New Codex: Oaxaca- Immigration and Cultural Memory Exhibition and “Support the Women of San Francisco Tanivet” Campaign at SPARC

The Social and Public Art Resource Center presents:

New Codex: Oaxaca – Immigration and Cultural Memory / Nuevo Códice Oaxaca: Migración y Memoria Cultural

Opening Reception: Saturday, May 23, 2015
4:00pm – 8:00pm

Exhibition ends August 29, 2015
Gallery is open Tues.-Sat. 11 am – 5 pm

On Saturday, May 23, 2015 from 4 pm – 8 pm, at 685 Venice Blvd., Venice, CA 90291 (Old Venice Police Station – SPARC’s historic headquarters), The Durón Gallery at SPARC will present ‘New Codex: Oaxaca – Immigration and Cultural Memory.’ A touring exhibit curated by Marietta Bernstorff, illuminates the contemporary visual discourse of Oaxaca and explores the impact of immigration to the United States. This exhibit is currently on display at the Museum of Popular Art in Mexico City though the end of April 2015. The opening exhibition at SPARC will also include a mural painting by La Piztola Collective, a contemporary mural collective from Oaxaca.

Artists along with the village of San Francisco Tanivet* and other communities affected by immigration have generated artworks through deep research and intense dialogue. Key questions ranged from: What are the implications for the state of Oaxaca, which has seen over one million inhabitants immigrate to the United States? What is happening to their land in Mexico and the family they left behind? Are we the Mexicans/ Oaxacans able to keep traditions alive within another culture? Has immigration changed the way we see ourselves as a culture?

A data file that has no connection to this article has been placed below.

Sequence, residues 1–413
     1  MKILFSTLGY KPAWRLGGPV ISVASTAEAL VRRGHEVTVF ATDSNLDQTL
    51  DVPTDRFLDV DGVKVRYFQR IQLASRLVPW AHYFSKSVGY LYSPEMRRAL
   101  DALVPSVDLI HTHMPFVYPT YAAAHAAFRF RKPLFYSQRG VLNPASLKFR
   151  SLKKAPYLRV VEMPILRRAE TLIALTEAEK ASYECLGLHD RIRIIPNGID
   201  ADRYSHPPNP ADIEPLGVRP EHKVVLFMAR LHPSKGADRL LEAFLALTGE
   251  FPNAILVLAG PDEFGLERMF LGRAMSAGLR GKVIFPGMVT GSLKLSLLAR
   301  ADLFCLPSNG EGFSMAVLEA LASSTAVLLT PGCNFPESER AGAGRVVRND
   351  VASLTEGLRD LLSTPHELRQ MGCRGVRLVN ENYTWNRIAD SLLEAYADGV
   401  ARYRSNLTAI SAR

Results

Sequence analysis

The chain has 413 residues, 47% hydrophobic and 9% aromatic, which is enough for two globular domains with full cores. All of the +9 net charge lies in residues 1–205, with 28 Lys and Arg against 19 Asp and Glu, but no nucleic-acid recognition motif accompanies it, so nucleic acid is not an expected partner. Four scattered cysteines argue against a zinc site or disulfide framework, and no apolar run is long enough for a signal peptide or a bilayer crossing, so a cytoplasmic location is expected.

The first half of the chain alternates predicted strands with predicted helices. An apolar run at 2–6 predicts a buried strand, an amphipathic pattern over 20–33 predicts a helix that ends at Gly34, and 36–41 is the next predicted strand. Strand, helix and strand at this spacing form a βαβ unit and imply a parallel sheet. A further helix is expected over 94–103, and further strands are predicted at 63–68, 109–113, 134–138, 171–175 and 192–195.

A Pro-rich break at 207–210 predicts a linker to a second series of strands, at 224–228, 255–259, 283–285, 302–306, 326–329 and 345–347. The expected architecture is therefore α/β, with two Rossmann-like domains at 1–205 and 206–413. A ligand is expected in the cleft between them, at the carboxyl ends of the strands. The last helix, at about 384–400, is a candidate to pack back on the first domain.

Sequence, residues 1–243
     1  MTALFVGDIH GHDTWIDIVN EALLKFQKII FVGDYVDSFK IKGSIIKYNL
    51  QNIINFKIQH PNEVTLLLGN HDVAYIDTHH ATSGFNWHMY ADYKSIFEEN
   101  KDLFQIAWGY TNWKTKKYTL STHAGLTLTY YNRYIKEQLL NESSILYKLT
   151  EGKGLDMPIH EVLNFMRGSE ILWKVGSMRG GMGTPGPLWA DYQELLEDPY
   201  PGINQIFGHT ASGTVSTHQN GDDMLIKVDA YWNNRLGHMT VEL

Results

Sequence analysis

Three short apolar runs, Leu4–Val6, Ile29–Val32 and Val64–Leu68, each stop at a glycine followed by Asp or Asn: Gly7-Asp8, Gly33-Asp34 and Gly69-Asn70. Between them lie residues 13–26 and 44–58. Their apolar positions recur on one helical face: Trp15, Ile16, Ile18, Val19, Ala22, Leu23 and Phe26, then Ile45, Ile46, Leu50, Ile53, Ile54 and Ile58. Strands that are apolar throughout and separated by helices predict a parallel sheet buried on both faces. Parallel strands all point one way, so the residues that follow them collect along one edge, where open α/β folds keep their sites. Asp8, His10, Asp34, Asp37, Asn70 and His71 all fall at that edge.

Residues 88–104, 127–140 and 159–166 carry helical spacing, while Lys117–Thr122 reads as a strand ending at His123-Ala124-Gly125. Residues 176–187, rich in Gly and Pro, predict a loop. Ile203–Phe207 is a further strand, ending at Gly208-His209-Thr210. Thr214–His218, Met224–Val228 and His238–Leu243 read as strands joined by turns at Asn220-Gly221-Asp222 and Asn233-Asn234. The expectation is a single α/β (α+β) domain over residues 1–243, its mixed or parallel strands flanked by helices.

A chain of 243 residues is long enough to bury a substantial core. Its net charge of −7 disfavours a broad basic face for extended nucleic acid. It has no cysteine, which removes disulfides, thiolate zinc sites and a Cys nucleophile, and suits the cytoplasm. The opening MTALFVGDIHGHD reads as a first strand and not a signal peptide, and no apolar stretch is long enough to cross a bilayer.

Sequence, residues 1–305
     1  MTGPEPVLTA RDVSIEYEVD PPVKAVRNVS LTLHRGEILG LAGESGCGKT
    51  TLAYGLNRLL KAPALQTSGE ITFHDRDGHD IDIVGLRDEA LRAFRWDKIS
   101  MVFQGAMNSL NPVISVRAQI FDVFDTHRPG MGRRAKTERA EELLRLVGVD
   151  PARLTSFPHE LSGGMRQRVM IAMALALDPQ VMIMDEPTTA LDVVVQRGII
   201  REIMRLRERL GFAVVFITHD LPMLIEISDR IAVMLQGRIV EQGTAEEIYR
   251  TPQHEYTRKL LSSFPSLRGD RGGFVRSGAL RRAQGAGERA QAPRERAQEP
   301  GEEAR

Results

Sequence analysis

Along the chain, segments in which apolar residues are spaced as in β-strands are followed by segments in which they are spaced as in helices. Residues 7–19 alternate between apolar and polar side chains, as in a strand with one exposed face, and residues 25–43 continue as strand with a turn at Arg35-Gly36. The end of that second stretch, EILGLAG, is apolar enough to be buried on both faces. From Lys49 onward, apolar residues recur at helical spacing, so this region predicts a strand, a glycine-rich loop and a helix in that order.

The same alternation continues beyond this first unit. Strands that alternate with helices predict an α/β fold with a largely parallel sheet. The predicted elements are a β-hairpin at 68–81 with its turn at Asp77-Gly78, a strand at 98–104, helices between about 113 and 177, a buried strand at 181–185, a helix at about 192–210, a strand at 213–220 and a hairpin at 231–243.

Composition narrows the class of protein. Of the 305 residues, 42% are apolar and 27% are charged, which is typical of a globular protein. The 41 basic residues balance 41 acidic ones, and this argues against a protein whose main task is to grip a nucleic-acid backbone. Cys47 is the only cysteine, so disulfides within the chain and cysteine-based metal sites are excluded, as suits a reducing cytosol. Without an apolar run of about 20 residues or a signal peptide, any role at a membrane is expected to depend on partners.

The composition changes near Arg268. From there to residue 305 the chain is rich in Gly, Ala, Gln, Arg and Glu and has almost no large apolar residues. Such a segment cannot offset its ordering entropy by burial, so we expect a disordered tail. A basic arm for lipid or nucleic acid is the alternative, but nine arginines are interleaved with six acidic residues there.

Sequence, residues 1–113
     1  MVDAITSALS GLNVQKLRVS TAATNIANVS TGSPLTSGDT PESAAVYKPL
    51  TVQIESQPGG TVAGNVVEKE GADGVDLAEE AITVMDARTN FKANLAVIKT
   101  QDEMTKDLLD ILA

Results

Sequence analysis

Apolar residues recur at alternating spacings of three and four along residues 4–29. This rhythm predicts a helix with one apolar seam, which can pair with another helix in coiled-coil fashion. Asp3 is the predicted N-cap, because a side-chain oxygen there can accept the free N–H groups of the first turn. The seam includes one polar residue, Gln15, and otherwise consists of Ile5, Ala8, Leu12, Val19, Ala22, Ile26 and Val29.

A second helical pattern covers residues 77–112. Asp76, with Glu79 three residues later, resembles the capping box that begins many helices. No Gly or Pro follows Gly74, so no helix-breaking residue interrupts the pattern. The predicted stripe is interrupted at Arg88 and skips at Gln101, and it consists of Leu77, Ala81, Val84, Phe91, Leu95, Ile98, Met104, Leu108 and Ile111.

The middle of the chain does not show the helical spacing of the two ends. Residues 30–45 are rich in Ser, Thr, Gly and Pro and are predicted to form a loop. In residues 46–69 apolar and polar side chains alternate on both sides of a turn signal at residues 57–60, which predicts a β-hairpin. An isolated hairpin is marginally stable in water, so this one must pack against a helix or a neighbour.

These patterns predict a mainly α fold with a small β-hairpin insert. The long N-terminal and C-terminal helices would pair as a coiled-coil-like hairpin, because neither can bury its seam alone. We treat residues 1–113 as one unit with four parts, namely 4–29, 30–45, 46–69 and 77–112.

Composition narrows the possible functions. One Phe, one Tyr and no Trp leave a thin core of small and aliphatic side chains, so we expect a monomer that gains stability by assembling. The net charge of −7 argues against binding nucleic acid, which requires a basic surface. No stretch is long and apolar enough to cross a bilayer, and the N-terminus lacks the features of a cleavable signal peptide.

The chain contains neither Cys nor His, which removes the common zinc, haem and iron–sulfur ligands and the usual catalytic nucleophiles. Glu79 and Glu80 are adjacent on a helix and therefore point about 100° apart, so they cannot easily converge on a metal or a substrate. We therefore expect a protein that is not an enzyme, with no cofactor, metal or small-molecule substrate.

In conjunction with the exhibition, the participating artist collective known as “The Embroidery Ants of San Francisco Tanivet” along with numerous San Francisco Tanivet villagers are creating art-objects to promote a sustainable source of income for the women and men of their village.

Tanivet Women_620_x_413

During this exhibition, SPARC is asking for contributions to support The Embroidery Ants of San Francisco Tanivet through an Indiegogo campaign.  These women struggle to earn and live on $13 USD a week, working from dawn to dusk each day, while 60% of the villagers have relocated due to environmental changes and minimal government support.


*The community of San Francisco Tanivet, Tlacolula de Matamoros, Oaxaca, located about 20 miles east of the state capital, is a rural community primarily devoted to agricultural production. Due to the lack of income because they cannot sell their native products, and lack of financial support from the state for farming, more than half of the population has largely immigrated to the United States, with a large concentration in Los Angeles, California, specifically Venice and Santa Monica.

Partners for this exhibit include: Western Union Foundation, Secretary of Culture in Oaxaca, Consulate General of Mexico in Los Angeles, Frente Indígena de Organizaciones Binacionales (FIOB), Regional Organization of Oaxaca (ORO) and The Guelaguezta Restaurant.

About SPARC: SPARC is a community-based non-profit arts organization founded in 1976 by Distinguished UCLA professor and artist Judy Baca, filmmaker Donna Deitch, and artist Christina Schlesinger. SPARC is rooted in Art, Community, Education and Social Justice. For more info visit: